As I described in Dimond Rings and Read-Only Ropes, both of the methods for constructing rope read-only memories had their problems.
Those using magnetic toroids for the bit transformers were reliable, but labor intensive to string, and the inevitable stringing errors frequently required extensive rework to correct. Each time the contents were altered also required another test cycle, which led to manufacturing delays and added to the costs.
The ones using E or U shaped magnetic cores suffered somewhat in reliability due to problems aligning and maintaining the keeper bar over the open end of the magnetic path. This caused large variations in mutual inductance between the word wires and the sense winding, which made it difficult to predict a sensing threshold with any repeatability.
The open core method did, however, allow for the use of automation in weaving the wire pattern for the contents. A typical technique was the use of X-Y wire wrap machines such as those used to automatically wire computer backplanes, which could be programmed to lay in the desired pattern and do it flawlessly every time.
Engineers at Quadri Corporation wanted the efficiency of automated content stringing IF it could be had with a consistent, predictable, magnetic path loss. They settled on the idea of using a completely open magnetic path. Compared to a closed magnetic loop, this would have extremely high flux loss, hence low coupling between the word wire and the sense winding and a very low voltage induced pulse during the read operation. It WOULD, however, be predictable, thus reliably detectable.
The final form factor selected was to wind a many-turn sense winding on the end of a small ferrite rod. Word wires storing a ONE in a bit position would make an approximate one-turn loop about the rod, while those storing a ZERO would be routed straight past the rod. Sense voltage from the single-turn ONES would be extremely low, but Quadri had experience in sensing small signals based on their ferrite core memory product line, so that wasn’t much of a problem.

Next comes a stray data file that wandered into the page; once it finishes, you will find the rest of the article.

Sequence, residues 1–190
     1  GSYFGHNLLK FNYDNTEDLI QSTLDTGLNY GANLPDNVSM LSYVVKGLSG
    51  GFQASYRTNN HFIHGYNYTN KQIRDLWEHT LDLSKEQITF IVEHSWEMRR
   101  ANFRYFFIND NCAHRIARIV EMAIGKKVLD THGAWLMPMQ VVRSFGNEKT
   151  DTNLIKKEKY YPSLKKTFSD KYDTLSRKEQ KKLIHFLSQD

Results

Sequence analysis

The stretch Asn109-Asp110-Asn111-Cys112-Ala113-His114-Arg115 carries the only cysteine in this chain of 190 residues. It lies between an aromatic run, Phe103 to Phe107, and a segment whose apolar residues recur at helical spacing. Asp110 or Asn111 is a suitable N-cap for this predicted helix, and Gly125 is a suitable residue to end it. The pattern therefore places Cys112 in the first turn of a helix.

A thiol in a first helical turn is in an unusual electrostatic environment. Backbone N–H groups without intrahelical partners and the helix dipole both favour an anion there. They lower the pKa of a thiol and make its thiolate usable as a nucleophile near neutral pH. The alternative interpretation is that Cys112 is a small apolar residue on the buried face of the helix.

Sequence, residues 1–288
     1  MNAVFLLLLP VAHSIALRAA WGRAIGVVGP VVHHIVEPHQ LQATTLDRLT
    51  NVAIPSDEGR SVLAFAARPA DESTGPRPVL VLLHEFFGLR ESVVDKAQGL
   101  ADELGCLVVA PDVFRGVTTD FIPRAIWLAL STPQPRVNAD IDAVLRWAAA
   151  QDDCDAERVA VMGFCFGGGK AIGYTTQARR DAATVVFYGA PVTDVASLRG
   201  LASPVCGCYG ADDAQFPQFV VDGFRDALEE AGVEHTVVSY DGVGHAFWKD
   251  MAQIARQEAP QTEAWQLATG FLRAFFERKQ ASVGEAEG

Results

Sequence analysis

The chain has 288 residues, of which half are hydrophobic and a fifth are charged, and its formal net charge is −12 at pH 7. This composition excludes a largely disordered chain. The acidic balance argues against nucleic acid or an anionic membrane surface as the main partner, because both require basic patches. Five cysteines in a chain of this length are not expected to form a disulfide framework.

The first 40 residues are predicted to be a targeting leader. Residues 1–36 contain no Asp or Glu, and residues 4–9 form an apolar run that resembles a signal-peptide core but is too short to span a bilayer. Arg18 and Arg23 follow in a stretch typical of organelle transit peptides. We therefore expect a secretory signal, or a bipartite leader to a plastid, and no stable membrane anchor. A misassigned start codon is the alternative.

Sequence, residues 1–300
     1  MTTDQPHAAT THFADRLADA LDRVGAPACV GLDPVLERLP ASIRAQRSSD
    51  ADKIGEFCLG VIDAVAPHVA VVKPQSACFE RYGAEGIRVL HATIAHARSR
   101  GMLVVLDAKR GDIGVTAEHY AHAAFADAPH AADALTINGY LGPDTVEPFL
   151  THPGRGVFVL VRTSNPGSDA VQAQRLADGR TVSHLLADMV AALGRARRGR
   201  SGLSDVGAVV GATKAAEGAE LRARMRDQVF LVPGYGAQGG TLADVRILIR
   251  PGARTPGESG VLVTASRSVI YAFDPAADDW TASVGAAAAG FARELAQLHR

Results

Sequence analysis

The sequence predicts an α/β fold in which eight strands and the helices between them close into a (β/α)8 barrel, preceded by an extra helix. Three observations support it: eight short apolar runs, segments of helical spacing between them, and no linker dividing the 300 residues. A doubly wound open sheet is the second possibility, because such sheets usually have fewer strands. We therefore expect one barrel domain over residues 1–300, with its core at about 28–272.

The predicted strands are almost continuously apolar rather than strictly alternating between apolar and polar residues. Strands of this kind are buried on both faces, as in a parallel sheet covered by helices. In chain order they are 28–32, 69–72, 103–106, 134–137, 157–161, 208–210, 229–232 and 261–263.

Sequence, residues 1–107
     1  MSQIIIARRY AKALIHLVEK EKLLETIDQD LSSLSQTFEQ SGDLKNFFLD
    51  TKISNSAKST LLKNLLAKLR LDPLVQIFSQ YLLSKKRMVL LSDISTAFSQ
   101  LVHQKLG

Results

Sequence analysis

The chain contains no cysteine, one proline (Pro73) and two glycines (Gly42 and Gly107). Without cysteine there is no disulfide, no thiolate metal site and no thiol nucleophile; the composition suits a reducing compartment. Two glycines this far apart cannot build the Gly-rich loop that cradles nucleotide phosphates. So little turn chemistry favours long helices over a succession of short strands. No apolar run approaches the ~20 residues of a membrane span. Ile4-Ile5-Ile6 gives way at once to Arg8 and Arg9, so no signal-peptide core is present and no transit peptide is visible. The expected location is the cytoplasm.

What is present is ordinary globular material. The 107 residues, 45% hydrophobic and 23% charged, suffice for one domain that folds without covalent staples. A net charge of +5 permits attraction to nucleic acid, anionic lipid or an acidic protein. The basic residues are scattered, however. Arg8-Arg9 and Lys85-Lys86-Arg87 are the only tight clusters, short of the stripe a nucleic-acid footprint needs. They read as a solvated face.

Automated weaving of the wire rope was the goal here, of course, not difficult to sense signals. To address that problem, several of us visited a textile factory to observe a Jacquard loom in operation. These devices were used to weave complex patterns in fabric for blankets and brocades, all automatically under punched card control.
Our stringing machine, based loosely on the Jacquard principle, had 256 spools of magnet wire feeding 256 needles, which were arranged side by side at about .2″ spacing. These were actual sewing needles, welded to the ends of thin rods. Each rod had a small solenoid mounted perpendicular to it, near it’s lower end. A static Hollerith card reader energized all solenoids corresponding to ONES. This pushed the end of the rod out far enough for a pneumatically-driven bar to raise each selected needle.
The stringing operators inserted a card in the reader, pushed a button that closed the reader and energized the solenoids, followed after a slight delay by actuation of the driving bar. This created a hole across the web of wires, with ONES above and ZEROES below. They then stuck a long skewer through the hole capturing the pattern, released the card reader, and moved on to the next bit position. After all bits had been skewered, the wires were pushed along the skewers into a plastic form that maintained their alignment. The plastic form was subsequently placed over the ferrite rods with their sense windings, and the assembly was complete.
Quadri had limited success with this technique but they did sell it to makers of 2K x 48-bit microcode memories for IBM-compatible disk drives. Years later I learned that Nixdorf used a similar design for microcode stores in their IBM-compatible mainframes. Both Nixdorf and Quadri called it “rod” memory.
Note: One curious requirement for the data cards used in the stringing machine reader was the inversion of a 256 x 48 matrix. We received desired memory contents from the customer on cards, one per word, with 48 columns punched either 0 or 1. This had to be converted, for each 256 words, to a deck of 48 cards (one per bit) with 256 locations (one per word) of hole or no hole. How we performed this operation is a topic for another story.